How ‘BlacKkKlansman’ could help America write a new chapter
( CNN) Spike Lee’s brilliantly provocative cinema “BlacKkKlansman“( about the true narrative of a black undercover police officer who joins the Klan with the aid of a white colleague) opens wide on the first anniversary of Charlottesville as a pointed reminder of the long historical roots of our present racial drama.
Lee’s film reminds us of what side President Trump appealed to in Charlotte’s aftermath by claiming a moral equivalency between anti-racist protesters and white supremacists marching in the usually bucolic college township. But the panoramic spectrum of fury unleashed in Charlottesville, Virginia, which left one person dead, far transcends the current White House occupant and his harmful bluster.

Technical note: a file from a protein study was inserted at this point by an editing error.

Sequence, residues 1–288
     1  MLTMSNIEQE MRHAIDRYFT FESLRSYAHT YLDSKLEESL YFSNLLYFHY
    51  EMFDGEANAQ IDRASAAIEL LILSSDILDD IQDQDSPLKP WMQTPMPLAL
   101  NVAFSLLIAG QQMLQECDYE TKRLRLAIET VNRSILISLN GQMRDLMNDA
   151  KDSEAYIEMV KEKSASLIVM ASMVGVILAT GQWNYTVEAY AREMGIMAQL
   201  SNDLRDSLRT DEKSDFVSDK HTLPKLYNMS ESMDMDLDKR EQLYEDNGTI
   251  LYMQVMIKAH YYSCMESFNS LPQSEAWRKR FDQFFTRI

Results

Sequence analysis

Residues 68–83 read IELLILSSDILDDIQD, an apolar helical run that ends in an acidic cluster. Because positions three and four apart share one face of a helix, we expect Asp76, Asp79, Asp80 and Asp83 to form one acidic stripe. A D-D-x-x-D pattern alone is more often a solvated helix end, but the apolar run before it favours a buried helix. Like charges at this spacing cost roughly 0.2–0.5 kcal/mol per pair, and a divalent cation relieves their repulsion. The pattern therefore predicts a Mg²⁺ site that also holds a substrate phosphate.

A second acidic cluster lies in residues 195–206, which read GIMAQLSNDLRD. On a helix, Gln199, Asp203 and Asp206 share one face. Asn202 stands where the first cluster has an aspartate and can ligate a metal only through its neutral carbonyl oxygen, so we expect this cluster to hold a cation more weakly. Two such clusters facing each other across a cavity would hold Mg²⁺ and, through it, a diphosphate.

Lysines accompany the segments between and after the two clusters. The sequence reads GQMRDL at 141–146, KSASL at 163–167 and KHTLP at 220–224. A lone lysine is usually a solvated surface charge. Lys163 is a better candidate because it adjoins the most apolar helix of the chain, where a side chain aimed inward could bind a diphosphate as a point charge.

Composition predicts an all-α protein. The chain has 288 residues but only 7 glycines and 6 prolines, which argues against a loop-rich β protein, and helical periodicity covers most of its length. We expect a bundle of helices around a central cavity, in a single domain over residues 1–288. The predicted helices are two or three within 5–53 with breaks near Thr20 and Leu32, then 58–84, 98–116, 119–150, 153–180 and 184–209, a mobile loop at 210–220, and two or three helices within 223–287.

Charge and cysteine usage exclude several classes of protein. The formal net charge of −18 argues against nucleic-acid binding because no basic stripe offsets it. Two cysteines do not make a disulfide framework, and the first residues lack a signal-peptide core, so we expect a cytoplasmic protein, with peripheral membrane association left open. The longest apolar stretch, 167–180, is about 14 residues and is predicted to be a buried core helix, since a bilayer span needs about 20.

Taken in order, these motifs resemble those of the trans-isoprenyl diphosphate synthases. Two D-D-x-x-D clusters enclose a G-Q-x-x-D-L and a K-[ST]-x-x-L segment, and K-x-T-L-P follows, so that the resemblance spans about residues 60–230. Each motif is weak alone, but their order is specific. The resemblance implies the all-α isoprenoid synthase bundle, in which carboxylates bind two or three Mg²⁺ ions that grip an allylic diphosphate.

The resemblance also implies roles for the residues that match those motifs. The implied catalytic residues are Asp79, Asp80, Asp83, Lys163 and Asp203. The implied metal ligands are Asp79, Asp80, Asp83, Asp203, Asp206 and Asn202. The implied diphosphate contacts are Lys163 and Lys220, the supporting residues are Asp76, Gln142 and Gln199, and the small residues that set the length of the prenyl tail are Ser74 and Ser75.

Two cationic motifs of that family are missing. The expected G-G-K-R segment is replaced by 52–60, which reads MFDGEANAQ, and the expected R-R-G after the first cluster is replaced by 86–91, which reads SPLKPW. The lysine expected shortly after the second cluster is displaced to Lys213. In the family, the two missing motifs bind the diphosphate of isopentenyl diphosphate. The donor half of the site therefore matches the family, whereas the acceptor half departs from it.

America’s contemporary political landscape constructs watching “BlacKkKlansman” an especially poignant instance of real life mimicking an art sort whose most enduring film( in this case D.W. Griffith’s 1915 paean to the Klan “The Birth of a Nation”) cast a national spell on America that we’re still struggling to snap out of. Even more mesmerizing than racial hatred, the film indicates, is the banality of white supremacists outside the heroic cinematic representations that continue to linger in the American imagination. While “Gone With the Wind” and “The Birth of a Nation” evoked a romanticized version of racial privilege and black subordination, Lee’s film reminds us that we must continue to wrestle with the ugly reality this lie is built on if we are to defeat the myths of racial superiority that offer ballast to white supremacists of all stripes.
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